October is a special month for our profession, as it marks the annual National Physical Therapy Month campaign. All month long, physical therapists and physical therapist assistants around the country work to boost public awareness about physical therapy by explaining what the profession entails and how it can significantly improve patients’ lives. To this end, we’ve been offering a detailed review of the numerous conditions that physical therapists can treat in different regions of the body.
In this, our last post of the month, we’re going to look at a few other injuries, conditions, and situations that physical therapists also treat, but which don’t easily fit into any of the other categories we’ve described so far:
- Post–surgical rehabilitation: physical therapy is strongly recommended as a first–line treatment for most musculoskeletal injuries and conditions, as it will often lead to successful outcomes and can often help patients avoid surgery; however, certain patients are candidates for surgery, particularly those who don’t improve with physical therapy, those with severe injuries, and athletes who are on a tight timetable and looking to return to play as soon as possible; when a patient decides to have surgery, a course of physical therapy will always advised to help these individuals regain their abilities during the recovery period with a progressive rehabilitation program
- Balance–related disorders: physical therapists can also address issues related to balance impairments; for example, many physical therapists offer vestibular therapy, which is a specific approach designed to address problems involving the body’s vestibular (balance) system, such as vertigo; in addition, physical therapists can provide fall–prevention programs for older adults that primarily aim to improve balance—as well as strength and flexibility—and thus reduce the risk for falls in the process
- Concussions: a concussion is a traumatic brain injury caused by the brain rapidly moving back and forth or banging against the side of the skull, which can lead to headache, dizziness, nausea/vomiting, and fatigue, among other symptoms; although rest is the most important treatment for concussions, physical therapists can help individuals recover more quickly by providing vestibular therapy and utilizing other techniques that address the wide range of concussion symptoms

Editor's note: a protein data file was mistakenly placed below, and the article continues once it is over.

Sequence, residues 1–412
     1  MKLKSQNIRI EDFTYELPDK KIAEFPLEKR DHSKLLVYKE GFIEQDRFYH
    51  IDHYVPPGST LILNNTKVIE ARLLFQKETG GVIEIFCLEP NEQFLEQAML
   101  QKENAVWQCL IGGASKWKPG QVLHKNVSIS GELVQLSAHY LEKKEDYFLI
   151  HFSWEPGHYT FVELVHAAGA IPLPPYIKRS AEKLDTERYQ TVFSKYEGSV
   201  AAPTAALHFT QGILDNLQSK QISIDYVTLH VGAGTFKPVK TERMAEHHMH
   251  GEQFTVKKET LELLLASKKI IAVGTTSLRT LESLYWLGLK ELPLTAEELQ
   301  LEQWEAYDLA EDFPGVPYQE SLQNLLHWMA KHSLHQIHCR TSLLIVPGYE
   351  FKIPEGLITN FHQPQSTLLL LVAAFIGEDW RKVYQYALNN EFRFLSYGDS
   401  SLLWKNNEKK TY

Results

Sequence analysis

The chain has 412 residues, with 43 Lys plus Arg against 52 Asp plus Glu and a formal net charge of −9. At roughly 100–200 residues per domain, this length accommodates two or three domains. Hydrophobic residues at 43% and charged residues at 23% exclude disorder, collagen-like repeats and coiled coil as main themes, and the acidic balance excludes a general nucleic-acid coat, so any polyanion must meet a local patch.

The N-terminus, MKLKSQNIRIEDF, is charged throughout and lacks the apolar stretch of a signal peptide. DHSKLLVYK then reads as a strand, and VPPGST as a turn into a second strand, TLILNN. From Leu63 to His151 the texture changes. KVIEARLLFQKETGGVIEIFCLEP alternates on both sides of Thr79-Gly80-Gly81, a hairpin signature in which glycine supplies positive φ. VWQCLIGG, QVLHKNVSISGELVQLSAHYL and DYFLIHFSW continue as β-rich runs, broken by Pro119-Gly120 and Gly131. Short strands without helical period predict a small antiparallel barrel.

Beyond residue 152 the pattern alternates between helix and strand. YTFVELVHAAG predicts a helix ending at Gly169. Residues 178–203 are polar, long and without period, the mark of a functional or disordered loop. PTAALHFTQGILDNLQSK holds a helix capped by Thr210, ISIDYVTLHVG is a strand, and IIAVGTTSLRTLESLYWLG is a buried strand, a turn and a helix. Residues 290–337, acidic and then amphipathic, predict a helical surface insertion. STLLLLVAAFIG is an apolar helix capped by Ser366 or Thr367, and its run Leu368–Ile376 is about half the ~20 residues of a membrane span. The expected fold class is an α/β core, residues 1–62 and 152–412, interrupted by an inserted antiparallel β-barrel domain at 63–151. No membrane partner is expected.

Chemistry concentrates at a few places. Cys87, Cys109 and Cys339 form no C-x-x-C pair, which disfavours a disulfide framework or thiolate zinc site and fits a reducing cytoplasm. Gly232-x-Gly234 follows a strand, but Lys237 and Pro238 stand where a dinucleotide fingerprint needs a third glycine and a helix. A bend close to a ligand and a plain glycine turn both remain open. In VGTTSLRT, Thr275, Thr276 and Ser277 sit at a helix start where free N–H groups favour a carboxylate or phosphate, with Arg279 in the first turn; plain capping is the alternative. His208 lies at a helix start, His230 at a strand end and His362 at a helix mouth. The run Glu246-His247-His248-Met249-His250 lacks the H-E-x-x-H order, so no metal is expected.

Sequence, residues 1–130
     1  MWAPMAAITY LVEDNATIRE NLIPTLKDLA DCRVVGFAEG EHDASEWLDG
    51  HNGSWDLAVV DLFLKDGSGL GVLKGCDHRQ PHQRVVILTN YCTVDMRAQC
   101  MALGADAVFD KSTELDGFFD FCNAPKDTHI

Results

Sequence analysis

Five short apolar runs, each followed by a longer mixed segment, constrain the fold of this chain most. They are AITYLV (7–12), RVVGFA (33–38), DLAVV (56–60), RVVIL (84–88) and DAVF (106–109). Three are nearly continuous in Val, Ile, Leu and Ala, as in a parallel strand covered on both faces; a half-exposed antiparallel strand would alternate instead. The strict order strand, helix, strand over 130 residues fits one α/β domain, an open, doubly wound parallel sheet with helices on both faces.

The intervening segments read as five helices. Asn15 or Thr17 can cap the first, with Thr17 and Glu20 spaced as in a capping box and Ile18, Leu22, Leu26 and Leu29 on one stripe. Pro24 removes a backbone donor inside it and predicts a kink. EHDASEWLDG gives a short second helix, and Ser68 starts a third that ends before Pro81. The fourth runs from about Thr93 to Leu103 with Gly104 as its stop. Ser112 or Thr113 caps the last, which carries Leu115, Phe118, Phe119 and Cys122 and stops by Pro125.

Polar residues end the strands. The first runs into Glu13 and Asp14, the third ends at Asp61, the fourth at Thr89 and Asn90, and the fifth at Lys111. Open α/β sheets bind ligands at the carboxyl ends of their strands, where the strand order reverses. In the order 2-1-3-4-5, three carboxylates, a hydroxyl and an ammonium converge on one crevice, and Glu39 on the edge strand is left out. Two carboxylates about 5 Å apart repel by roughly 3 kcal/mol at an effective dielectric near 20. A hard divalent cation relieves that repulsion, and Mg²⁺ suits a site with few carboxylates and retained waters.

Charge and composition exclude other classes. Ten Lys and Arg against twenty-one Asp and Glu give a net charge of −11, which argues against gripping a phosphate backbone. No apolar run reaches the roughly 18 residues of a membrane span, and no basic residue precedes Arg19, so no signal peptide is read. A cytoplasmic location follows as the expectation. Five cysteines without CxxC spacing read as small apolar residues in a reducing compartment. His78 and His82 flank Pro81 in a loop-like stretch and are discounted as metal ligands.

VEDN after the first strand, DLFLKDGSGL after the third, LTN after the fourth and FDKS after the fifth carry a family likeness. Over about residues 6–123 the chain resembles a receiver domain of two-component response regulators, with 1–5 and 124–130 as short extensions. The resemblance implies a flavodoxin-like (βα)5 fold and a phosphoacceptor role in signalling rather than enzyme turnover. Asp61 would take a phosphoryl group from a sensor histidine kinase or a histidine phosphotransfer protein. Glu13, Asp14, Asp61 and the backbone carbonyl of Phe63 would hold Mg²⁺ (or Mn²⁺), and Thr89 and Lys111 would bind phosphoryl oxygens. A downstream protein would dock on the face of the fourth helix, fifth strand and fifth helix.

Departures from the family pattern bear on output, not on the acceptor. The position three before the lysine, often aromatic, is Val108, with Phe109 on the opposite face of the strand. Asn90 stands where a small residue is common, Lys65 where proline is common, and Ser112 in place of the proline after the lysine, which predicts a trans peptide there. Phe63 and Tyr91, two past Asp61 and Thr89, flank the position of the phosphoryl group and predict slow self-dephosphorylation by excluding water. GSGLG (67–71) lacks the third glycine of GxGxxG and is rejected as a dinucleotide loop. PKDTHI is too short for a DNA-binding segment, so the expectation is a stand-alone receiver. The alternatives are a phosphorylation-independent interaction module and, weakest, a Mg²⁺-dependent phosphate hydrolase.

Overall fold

- Temporomandibular joint disorders: the temporomandibular joint (TMJ) is a hinge joint that connects the part of the skull directly in front of the ears (temporal bone) to the lower jaw (mandible); temporomandibular disorder (TMD) is a general term that describes any condition that involves this joint, and the result is usually pain or tenderness in the face, jaw, neck, or shoulders; physical therapists frequently see patients with TMDs and manage these patients with massage and other interventions that target the jaw
Research backs physical therapy for these conditions, too
Physical therapy programs for these conditions differ more widely than for the other regions of the body we’ve reviewed so far due to their variety, but many of the same principles and techniques that are fundamental to the practice will still be incorporated into each individualized treatment program. For example, treatment for concussions and balance–related disorders typically includes specific exercises and other interventions that aim to improve patients’ balance, while post–surgical rehabilitation programs progress gradually to help patients regain their strength and flexibility to pre–injury levels.
Research supports the use of physical therapy for these conditions, as it does for the other regions of the body we’ve reviewed so far. In one study, exercise therapy was found to reduce pain and significantly increase range of motion for patients with TMDs. Other research from one systematic review showed that vestibular therapy is effective for older adults with vertigo, dizziness, and balance disorders, while another systematic review found that exercise programs may reduce risk factors associated with falls and the incidence of falls in older adults.
We hope you’ve learned something about physical therapy this month for National Physical Therapy Month. By now, you should have a firm grasp of the multitude of conditions that we can treat and the many types of benefits you can expect if complete treatment with a physical therapist. So if you’re dealing with pain, movement–related issues, or any other deficits, we strongly encourage you to contact us to learn more or schedule an appointment today.